Three Little Birds supports your decision. We offer the same palliative care services for families whether they choose to terminate, carry to term, and even if the baby lives. We are there to support you in those delicate moments to offer space and healing, and allow you to bond and grieve in your own way. We prefer to use the term “compassionate completion” to support families and remove some of the stigma associated with this choice. For more information:

If you choose to carry to term - When you’re facing a prenatal diagnosis of a life-limiting condition, the decision to carry a pregnancy to term is often accompanied by a range of questions and emotions. Perhaps you are considering continuing your pregnancy and embracing whatever time you may be able to have with your baby, even if that time is only before birth, while your baby is cradled safely inside of you. Please know that support is available (see the previous pages for our services) and that you are not alone. Parents who have traveled this path before you have found that it can be a beautiful, profoundly meaningful, and healing journey. We can peer match you with other families we have served who can support and validate your choices. For more information:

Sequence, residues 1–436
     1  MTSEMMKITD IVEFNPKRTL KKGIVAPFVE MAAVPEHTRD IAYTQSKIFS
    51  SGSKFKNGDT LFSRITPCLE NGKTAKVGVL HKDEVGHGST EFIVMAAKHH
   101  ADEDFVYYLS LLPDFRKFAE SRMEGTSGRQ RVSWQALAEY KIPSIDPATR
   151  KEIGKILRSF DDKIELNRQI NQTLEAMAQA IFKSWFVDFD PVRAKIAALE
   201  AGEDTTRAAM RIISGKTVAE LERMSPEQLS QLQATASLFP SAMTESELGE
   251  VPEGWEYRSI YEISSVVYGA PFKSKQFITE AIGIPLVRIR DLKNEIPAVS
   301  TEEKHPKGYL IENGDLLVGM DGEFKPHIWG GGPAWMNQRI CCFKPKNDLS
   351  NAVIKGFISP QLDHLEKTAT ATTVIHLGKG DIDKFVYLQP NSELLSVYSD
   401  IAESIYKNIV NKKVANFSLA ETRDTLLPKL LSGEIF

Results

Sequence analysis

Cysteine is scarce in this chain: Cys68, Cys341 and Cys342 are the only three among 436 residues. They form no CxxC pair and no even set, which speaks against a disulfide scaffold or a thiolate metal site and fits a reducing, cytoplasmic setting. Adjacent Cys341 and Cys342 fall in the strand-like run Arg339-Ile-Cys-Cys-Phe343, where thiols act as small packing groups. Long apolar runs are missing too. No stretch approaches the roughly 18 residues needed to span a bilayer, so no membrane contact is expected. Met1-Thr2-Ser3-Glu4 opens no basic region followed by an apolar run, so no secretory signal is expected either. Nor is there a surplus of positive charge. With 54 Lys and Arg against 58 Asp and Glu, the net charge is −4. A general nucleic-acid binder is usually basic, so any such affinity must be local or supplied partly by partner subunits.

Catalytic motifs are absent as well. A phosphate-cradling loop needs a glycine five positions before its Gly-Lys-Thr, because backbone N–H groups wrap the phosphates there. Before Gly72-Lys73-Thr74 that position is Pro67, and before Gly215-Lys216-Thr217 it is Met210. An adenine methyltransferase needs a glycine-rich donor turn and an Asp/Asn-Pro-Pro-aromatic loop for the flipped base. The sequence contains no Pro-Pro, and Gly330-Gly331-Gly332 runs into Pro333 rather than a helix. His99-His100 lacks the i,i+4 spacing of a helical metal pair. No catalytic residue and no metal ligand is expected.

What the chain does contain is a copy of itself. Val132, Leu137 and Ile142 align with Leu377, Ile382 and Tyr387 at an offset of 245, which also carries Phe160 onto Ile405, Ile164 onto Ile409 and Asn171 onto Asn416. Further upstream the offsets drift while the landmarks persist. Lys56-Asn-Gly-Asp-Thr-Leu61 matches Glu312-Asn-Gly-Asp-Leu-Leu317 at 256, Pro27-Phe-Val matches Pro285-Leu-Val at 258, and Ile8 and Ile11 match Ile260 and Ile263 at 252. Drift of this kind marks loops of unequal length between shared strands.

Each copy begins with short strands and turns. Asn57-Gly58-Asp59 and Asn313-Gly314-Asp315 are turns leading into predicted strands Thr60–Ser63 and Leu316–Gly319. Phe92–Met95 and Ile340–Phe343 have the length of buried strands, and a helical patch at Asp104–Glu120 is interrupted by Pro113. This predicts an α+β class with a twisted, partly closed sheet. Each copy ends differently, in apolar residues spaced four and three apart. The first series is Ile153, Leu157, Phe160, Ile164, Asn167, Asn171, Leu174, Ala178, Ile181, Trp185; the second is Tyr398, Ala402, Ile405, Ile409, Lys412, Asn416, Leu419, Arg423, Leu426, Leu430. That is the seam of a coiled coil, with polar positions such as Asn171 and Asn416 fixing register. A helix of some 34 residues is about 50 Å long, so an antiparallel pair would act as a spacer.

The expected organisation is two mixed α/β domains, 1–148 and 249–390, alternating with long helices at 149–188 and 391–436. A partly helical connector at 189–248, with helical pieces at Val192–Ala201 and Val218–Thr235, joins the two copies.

Understanding your baby’s condition or diagnosis is overwhelming. Doctors do not understand our need to process this life-changing news and have time for it to make sense enough to then have more questions. Below are resources and information that may be helpful to you in determining what decisions you can consider making now, options and considerations that you may have for your birth plan, as well as access to others specifically walking a similar journey.